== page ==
S is for Shadow of the Tomb Raider

I had high hopes for the concluding chapter of the modern Tomb Raider trilogy. After the refreshing reboot in 2013 and the triumphant followup of Rise of the Tomb Raider, both of which I enjoyed greatly, I’m saddened to report that Shadow of the Tomb Raider was merely adequate. I wanted to like it more than I did. I didn’t hate it, I didn’t love it. It was kinda just there.

That’s not entirely accurate. There were parts of Shadow that I absolutely adored, notably the gorgeous environments and locales. In fact, photo mode is quickly becoming one of my favorite features in these kinds of games. I love being able to capture the beauty in screenshot form and share them.

There were other parts that were very frustrating. I recognize that as the third part of a trilogy, there will be some narrative dependence on previous entries in the series. However, I feel that too much of Shadow just doesn’t gel on its own. The nominal ‘bad guys’, the natives that Lara is mercilessly mowing down, haven’t done anything bad, at least not that we see. They’re merely bad by connection to Trinity, the big bad of the previous two games. We just need to trust that Lara is the ‘good guy’ because she’s the protagonist.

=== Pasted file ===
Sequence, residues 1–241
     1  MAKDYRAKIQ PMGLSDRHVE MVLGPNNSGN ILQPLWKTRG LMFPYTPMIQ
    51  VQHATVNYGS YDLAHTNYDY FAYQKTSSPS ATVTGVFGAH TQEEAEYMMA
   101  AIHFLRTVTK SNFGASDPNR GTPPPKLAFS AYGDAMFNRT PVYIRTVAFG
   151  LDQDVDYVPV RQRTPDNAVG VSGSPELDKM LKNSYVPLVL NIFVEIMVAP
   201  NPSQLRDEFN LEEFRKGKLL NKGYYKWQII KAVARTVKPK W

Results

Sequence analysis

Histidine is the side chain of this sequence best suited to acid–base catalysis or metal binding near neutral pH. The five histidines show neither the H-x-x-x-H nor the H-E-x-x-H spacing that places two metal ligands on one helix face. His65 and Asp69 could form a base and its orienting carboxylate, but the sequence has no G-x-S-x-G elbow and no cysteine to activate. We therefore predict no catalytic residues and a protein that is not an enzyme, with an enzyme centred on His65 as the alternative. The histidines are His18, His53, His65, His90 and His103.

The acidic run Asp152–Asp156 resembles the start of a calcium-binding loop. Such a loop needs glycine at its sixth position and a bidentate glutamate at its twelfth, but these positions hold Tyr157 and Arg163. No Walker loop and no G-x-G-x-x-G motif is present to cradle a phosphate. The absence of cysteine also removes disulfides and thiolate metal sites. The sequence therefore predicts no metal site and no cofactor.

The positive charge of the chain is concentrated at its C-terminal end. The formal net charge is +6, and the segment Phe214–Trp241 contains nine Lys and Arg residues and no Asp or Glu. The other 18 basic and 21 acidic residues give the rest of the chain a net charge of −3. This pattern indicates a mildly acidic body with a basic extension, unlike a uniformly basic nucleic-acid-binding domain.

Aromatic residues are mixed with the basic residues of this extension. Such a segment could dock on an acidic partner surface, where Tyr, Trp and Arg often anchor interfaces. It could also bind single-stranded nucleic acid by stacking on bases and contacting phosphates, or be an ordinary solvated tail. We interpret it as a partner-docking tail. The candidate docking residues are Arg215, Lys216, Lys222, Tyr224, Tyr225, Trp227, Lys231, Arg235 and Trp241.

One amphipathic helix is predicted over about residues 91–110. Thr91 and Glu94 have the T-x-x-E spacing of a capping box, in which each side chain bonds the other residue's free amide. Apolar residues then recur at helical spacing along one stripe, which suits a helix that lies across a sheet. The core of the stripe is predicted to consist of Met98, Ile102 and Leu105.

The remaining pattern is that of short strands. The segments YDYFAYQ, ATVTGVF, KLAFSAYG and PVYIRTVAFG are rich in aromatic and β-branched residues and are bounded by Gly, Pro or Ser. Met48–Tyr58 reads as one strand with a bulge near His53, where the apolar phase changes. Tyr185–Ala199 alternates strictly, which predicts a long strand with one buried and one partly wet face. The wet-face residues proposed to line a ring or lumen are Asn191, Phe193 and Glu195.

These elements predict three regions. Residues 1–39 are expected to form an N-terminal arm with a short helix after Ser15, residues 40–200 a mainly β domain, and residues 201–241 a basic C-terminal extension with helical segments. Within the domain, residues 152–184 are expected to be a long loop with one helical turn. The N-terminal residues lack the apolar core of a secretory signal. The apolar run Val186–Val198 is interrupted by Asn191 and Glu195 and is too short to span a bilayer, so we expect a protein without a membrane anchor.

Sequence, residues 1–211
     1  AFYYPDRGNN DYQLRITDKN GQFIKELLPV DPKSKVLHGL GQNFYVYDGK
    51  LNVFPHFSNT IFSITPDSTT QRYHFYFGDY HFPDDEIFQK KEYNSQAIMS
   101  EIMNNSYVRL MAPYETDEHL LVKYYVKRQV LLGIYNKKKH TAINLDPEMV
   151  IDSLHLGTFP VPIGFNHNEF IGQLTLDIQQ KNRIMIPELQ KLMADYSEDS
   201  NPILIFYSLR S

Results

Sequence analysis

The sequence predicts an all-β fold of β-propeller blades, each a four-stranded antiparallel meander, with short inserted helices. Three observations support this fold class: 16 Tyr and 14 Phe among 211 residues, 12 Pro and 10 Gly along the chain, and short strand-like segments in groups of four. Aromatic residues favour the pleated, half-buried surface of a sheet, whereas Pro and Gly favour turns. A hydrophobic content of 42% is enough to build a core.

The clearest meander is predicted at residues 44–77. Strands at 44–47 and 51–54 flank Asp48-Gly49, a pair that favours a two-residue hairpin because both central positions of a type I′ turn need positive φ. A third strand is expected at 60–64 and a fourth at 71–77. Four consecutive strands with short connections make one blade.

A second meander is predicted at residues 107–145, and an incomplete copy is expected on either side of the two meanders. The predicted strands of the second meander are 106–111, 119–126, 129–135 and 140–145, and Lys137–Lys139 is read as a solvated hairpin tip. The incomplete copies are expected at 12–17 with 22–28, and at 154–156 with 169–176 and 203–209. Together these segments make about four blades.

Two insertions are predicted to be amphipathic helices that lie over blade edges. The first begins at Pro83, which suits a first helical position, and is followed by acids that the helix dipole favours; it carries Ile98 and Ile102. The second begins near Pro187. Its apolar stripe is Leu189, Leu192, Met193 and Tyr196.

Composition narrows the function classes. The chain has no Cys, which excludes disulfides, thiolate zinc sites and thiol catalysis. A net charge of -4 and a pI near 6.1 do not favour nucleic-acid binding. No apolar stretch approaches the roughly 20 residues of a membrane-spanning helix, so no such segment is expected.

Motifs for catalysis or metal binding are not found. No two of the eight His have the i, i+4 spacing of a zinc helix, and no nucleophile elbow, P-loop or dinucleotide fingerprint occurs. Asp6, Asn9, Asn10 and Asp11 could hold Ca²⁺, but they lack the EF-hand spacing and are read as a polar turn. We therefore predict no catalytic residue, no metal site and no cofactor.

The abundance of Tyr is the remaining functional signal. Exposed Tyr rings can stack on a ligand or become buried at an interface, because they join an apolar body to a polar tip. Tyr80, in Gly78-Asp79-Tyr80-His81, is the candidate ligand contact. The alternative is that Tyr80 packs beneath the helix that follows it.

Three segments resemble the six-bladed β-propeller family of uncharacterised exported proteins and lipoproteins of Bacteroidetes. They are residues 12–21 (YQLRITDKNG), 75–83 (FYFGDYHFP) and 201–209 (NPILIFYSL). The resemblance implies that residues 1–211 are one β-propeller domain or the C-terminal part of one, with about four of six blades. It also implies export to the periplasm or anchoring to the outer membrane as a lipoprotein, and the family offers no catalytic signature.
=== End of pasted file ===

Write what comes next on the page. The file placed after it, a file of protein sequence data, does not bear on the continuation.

Additionally, the first half or so of the game tries to dig into the question of whether or not raiding tombs is actually a good and noble thing to do. There’s an on the nose moment when Lara discovers a living civilization: she actually says out loud to the leader of the city she’s stumbled upon that she wasn’t expecting people, she was expecting ruins. Unfortunately, this dissonance is merely flirted with and then thrown away. The second half of the game forgets that the question was even raised, as the game continues to reward the player for digging into not only abandoned tombs, but living sanctuaries of the indigenous peoples. I would be interested to see the game that fully explores the larger ethical ramifications of ‘tomb raiding’, but this is not that game.

I feel like I’m being harsh, but it’s only because I held this series to such high standards. Shadow of the Tomb Raider is definitely still an enjoyable game, despite the flaws. There are lovely moments, visually, narratively, and otherwise. I especially liked an early flashback-like segment where we see Lara as a child and get some insight into her character and motivations. I’d have loved to see more of that explored.

All in all, this was definitely the okay-est entry in the modern Tomb Raider trilogy. If you loved the first two, give this one a try, but be aware that it suffers from third-entry-of-a-trilogy-itis, like many movies have before.

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